Create amazing Reports with Microsoft Project

When managing a project using Microsoft Project, stakeholders often need to receive progress updates. Because not everyone can read a Gantt chart, MS Project comes with a set of pre-designed reports and dashboards to help you better understand your data. You can easily create amazing reports with Microsoft Project. Below is an explanation of the different types of report that can be created.

Dashboard Report Types

Project Reports


How much is completed on a project and what’s left to be done.

Cost Overview

The current status of top level tasks showing planned, remaining costs and cumulative costs.

Project Overview

How much of your project is complete, upcoming milestones, and tasks that are past due.

Upcoming tasks

The work that has been done in the current week, the status of any remaining tasks that were due, and what tasks are starting in the next week.

Other Report Types

Cash Flow

The cost and cumulative cost per quarter for all top level (summary) tasks.

Resource Cost Overview

The cost status of work resources showing cost details in a table and a chart showing cost distribution.

New Reports from templates

A chart for your project data, showing actual work, remaining work, and work by default.

A table for your project data, showing the Name, Start, Finish, and % Complete fields.

Two charts side-by-side, showing the same project data.

Visual Reports

View visual reports instantly in Excel or Visio

In MS Project, you can also view specific project data as a visual report in Excel or Visio, if you have those programs installed. Select Reports, Visual Reports, select an Excel or Visio report for your project data, and click View. Excel builds a local Online Analytical Processing (OLAP) cube file and shows your data in an Excel PivotChart or Visio PivotDiagram. This is a legacy feature from MS Project 2010 and earlier.

MS Project Visual Reports

Examples of Reports

Here are a few visual examples based on a sample project.

Cost Overview

Create amazing Reports with Microsoft Project

The Cost Overview report shows the following:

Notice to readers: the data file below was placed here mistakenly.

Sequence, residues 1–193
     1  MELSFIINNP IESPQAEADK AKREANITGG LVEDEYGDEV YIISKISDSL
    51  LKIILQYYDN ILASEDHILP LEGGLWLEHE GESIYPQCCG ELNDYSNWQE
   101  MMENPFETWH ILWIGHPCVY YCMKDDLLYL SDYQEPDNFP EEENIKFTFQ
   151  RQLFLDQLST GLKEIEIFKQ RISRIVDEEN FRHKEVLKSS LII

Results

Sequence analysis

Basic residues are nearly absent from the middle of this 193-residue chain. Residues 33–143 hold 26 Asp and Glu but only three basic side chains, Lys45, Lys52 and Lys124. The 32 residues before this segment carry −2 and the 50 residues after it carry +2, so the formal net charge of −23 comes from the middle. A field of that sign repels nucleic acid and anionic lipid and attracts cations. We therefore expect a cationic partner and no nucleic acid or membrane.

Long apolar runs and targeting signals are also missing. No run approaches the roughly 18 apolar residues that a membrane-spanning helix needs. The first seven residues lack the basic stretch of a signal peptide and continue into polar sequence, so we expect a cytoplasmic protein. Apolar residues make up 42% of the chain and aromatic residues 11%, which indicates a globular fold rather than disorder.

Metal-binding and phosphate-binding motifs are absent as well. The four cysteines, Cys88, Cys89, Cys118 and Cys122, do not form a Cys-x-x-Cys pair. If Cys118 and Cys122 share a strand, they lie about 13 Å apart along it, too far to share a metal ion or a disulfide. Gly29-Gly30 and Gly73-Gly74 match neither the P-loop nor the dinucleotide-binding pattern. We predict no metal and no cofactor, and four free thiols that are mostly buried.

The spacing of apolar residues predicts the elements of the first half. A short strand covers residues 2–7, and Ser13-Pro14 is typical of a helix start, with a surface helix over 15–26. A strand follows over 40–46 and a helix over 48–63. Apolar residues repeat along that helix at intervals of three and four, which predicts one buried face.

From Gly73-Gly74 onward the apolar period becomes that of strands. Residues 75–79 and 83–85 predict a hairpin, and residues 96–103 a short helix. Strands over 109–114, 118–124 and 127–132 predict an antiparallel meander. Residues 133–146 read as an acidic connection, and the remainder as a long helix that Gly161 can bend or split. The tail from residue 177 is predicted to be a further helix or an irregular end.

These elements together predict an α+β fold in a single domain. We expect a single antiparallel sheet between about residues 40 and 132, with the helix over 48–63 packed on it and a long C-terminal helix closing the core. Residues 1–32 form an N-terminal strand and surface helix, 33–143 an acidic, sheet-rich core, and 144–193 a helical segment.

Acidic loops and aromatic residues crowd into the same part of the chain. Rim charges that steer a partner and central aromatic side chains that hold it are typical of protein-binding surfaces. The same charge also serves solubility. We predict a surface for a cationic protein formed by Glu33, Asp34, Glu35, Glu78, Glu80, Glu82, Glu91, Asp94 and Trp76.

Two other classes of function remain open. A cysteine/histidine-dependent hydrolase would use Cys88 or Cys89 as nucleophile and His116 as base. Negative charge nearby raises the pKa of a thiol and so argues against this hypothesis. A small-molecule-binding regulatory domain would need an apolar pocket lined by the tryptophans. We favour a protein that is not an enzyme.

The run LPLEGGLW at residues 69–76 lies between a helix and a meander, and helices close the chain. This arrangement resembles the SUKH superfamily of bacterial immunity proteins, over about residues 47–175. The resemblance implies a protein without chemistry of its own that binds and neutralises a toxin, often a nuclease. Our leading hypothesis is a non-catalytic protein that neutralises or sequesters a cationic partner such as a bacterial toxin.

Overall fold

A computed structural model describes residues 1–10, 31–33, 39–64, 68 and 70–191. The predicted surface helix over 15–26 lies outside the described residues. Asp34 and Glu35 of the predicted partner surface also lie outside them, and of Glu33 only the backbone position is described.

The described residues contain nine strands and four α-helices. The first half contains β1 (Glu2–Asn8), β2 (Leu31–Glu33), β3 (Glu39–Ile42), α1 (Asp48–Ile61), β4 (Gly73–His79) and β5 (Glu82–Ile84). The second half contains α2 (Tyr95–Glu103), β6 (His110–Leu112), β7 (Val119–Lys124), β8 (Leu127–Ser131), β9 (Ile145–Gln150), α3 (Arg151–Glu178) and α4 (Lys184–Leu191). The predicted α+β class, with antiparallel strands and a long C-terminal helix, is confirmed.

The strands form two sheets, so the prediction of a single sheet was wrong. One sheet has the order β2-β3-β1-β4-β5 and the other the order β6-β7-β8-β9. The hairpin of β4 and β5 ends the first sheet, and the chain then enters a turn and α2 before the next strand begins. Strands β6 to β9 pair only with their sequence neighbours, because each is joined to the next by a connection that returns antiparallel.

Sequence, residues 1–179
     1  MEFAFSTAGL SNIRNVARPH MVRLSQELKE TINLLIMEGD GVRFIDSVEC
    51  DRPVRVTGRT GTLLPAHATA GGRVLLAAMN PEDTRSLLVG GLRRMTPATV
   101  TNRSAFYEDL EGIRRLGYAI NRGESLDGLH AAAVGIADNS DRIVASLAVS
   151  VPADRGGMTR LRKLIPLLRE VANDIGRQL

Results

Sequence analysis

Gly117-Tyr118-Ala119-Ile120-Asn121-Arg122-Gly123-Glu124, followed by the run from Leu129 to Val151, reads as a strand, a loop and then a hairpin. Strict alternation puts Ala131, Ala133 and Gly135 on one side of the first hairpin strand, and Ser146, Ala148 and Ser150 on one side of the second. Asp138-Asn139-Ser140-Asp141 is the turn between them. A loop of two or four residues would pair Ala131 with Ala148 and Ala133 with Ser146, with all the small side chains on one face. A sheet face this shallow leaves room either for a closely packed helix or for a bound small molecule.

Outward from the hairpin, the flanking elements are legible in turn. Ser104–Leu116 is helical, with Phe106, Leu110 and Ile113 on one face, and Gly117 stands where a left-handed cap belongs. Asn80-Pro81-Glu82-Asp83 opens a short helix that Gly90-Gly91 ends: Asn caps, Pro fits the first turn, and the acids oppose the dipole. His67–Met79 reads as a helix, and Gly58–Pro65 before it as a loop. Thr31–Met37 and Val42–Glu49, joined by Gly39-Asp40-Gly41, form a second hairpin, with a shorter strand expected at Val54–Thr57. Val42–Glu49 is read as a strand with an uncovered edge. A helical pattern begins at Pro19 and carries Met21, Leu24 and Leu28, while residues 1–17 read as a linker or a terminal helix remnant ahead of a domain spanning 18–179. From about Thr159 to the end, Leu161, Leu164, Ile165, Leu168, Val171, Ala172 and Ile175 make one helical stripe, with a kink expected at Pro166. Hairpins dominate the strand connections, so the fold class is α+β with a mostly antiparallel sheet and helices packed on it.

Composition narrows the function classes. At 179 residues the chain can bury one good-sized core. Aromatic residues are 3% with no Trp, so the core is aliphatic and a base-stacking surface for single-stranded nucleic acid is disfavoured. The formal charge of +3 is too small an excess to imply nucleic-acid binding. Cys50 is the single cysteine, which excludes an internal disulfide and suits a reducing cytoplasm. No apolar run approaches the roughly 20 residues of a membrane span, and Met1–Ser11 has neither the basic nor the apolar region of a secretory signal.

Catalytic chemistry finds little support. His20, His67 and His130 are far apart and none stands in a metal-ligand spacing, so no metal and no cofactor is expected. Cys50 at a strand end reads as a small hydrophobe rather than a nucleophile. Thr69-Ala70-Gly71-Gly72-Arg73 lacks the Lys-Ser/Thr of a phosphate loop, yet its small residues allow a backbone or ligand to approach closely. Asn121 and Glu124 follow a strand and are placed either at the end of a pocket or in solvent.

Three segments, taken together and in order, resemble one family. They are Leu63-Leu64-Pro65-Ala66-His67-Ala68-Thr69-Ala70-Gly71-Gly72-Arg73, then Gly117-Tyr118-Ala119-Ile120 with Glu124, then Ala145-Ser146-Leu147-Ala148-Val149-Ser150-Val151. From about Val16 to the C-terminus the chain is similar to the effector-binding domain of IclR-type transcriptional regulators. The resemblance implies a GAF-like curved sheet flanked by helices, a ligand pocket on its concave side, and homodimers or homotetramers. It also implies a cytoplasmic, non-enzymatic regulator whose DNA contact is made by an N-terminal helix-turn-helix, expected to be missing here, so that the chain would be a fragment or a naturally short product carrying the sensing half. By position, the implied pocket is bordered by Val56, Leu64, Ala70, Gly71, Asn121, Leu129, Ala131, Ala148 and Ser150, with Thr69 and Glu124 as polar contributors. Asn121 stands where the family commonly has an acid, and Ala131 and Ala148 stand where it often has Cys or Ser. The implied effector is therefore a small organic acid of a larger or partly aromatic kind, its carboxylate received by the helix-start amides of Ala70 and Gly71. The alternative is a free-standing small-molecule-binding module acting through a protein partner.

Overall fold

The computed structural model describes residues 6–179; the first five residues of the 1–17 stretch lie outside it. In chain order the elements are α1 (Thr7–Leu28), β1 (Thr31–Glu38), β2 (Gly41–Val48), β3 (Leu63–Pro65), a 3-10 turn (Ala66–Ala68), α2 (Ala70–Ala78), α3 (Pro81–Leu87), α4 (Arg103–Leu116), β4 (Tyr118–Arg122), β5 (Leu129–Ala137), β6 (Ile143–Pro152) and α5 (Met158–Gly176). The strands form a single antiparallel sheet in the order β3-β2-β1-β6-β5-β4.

• Costs, Remaining Costs and % complete.
  • A chart of cumulative costs.
  • A chart of cost status for top level tasks.
  • A cost status table for top level tasks.
Reporting changes to a project

In the same example, the first two phases of the project were completed as planned. There is a delay of 4 days with excavation due to bad weather.  The project plan shows which tasks are complete.

Gantt Chart

The Cost Overview Report now reflects the changes made and shows the project as 14% complete. The Cost Status table identifies the cost variance for the Foundation phase.

Create amazing Reports with Microsoft Project

Project Statistics


Select Report, Dashboard, Burndown to show graphically how much work and how many tasks are completed as well as what’s left to be done.

Create amazing Reports with Microsoft Project

Overallocated Resources Report

Select Report, Resources, Overallocated Resources to identify which resources are overallocated and at what points in the project. This is a great way of seeing where unnecessary costs are being lost.

Overallocated Resources

Cashflow Report

Being able to report and analyse your cash flow visually is a great way to track the spend of a project. It also makes the data digestible and ideal for sharing with clients and colleagues via email or PowerPoint presentation.

Select Reports, Cost, Cash Flow to see a chart and table of the project cash flow.

To change the timescale of the report from quarters to months:

Select the chart, click the Edit button for the Time category in Field List and choose Months.

Cash Flow

To learn how you can create amazing reports and project plans with Microsoft Project, why not consider an STL training course on Microsoft Project.

Project 2013: Burndown charts help track work

what's new in office 2013Project 2013 comes with a brand new set of pre-designed reports and dashboards to help you better understand your data. You can visualise performance and analyse resources in ways that weren’t previously possible in Microsoft Project.

The burndown report is a much-requested feature that will be especially interesting to those of you practicing agile and Scrum-based methodology. Typically updated every day, this report is a common focal point of the daily scrum meeting.

Previously to see a burndown chart you had to employ some hacks and Excel templates to achieve the desired result. From Project 2013 it’s available as a standard report type.

Burndown charts in Project 2013

Select Report > Dashboard > Burndown

Burndown in Microsoft Project 2013

Usually the chart tracks work remaining (in time, effort points or quantity of tasks) against the date. One line represents how much work has been completed, a baseline of when to complete and the ‘perfect’ trajectory of task completion.

How is this chart useful?

Instead of tracking the amount of things done, the burndown chart reports on the amount of ‘effort’ or work left in the project phase. In other words you are ‘burning down’ the work. It will also predict based on current work rate whether the project will hit the target completion date. You’ll discover very soon whether the team is working at a fast enough rate. It’s great to get advance notice of how things are progressing and be able to adapt your project or adjust expectations sooner rather than later.

It can also be used to see whether a project team is over-performing and going to finish early. While this is usually good news this information can prove very useful in your next post-mortem. Do the team need to work on their task estimations? Or was the work completed to a less acceptable standard?

Find out more great advice like this with a Best STL course on Microsoft Project training London and UK wide.